Star Trek Sunday: Picard

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So, at long last, we all get to find out what I think about Star Trek: Picard.

Let’s see, how to be gentle about things.

It was boring, filled with interesting concepts but unrealized potential.

The action mostly wasn’t. There were moments, but they seemed almost obligatory rather than adding to the story in any significant way.

The plot is a series of sucker punches and cameos, a jumbled mess.

Don’t mince words, Lance. Tell us what you really think.

Okay. The characters, filled out by great actors, didn’t get a fair shake at backstory or a chance to grow beyond the limited dimensions they were given. And the single-story aspect of the season, the serialized story telling, doesn’t give any of the characters the possibility of growing.

There were a lot of cool things introduced, but most of them as throwaway moments or lines. The biggest of which is that I want to know a hell of a lot more about Picard’s household staff or bodyguards or whatever title might be appropriate.

And then there were the things that made my eyes hurt from rolling back so hard. Space Vegas. The climactic starship stand-off where the whole fleet was the same ship copy-pasted over and over. Borg parts are so valuable that they’re yanked out of XBs (eX-Borgs) without the benefit of anesthetic or carry about the host afterward. Fractal duplication. Not just secret police but secret secret police. The spce portal being opened to the dimension of the mechanical old ones.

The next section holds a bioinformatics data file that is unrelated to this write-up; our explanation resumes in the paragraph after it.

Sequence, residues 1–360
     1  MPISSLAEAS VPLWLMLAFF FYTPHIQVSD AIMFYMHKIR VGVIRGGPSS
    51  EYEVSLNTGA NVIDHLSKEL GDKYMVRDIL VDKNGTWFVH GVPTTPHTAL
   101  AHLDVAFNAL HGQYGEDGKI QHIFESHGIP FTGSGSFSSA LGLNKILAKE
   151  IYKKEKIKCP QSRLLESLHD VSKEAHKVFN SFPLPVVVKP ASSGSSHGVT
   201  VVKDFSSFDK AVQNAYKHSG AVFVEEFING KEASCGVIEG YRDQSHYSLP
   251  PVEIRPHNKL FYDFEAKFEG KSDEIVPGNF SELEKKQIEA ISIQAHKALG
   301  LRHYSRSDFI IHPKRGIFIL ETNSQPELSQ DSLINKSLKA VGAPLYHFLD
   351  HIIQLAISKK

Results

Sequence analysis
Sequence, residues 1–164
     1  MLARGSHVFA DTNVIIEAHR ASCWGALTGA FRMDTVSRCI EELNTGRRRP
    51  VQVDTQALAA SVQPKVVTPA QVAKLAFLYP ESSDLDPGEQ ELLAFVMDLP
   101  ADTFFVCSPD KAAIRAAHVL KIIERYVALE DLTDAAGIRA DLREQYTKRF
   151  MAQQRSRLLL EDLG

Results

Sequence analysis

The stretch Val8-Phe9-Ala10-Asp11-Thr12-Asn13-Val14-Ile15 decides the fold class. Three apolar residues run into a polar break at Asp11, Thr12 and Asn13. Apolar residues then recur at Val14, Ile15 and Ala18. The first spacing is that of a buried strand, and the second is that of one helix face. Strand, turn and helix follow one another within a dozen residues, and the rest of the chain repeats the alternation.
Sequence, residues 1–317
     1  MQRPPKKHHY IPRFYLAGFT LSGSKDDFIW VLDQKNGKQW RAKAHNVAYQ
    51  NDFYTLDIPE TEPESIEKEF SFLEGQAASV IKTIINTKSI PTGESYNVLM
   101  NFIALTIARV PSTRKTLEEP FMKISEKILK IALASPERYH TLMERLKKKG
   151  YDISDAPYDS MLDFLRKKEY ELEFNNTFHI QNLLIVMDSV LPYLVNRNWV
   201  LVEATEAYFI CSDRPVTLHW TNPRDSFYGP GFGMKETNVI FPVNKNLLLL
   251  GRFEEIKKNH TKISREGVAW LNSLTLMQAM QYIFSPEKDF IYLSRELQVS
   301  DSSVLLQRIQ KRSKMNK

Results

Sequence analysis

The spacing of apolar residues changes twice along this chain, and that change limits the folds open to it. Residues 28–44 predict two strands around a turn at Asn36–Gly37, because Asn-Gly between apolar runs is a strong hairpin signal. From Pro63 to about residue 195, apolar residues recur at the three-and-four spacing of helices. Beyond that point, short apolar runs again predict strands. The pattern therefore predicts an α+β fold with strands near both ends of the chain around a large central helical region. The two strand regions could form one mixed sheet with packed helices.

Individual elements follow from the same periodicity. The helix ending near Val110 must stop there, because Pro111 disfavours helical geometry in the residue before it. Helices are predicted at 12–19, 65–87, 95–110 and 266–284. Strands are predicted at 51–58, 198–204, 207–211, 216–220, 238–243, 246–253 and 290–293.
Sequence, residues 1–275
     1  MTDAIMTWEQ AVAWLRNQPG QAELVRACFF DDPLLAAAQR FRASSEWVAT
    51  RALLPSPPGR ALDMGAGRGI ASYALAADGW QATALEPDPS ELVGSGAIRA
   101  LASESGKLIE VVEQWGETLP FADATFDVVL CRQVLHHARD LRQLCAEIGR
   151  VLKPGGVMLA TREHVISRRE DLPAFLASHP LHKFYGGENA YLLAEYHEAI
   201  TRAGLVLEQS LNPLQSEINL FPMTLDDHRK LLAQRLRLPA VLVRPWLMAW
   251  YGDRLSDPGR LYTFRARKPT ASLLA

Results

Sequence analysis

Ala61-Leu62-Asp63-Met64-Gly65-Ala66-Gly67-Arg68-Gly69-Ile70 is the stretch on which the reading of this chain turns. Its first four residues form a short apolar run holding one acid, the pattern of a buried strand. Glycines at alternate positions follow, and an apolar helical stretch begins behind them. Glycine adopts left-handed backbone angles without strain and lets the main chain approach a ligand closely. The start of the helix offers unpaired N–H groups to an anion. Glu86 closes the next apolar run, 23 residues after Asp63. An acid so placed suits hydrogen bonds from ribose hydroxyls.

Serialized storytelling has become the default and it’s not always necessary. Or very good. The serialized nature of Picard was neither necessary nor good. DS9 did most of the themes of Picard—compromised principles and dealing with failures—and did it better, twenty-plus years ago.

Much like season one of Discovery, in the drive to be darker, grittier, and more realistic, season one of Picard has lost the thing that makes Star Trek: the striving to be better than we are and pushing forward to explore a hopeful future. There’s no curiosity, there’s not much hope, and the future sucks just with better toys.

Blah, blah, blah, reflection of its time.

No, it isn’t. At least, it’s not supposed to be. Star Trek is a reflection of who we could be if we work for it.

And Star Trek: Picard certainly isn’t that. It’s a reflection of who we might become if we turn away from trying to be better and stop giving a shit about the world and the people around us. Is that really the Star Trek we need? The Star Trek we deserve?

I’m honestly pretty much completely disappointed with the show and the only thing that’s going to bring me back to season two is to find out what happens with Seven of Nine’s character. Jeri Ryan absolutely owned the screen for every second she was on it, seizing control from whoever she happened to be acting with and giving more emotion per frame to the viewer than any of us had any right to expect.

To finish this post, though, I’ll reiterate the message from the end of my post about Discovery (Or was it the reboot movies? Maybe both?): if it brings more people to Star Trek then I’m cool with it. I just may not watch it.

In fact, I think I have higher hopes for Lower Decks than for the next season of Picard.

Live long and prosper.

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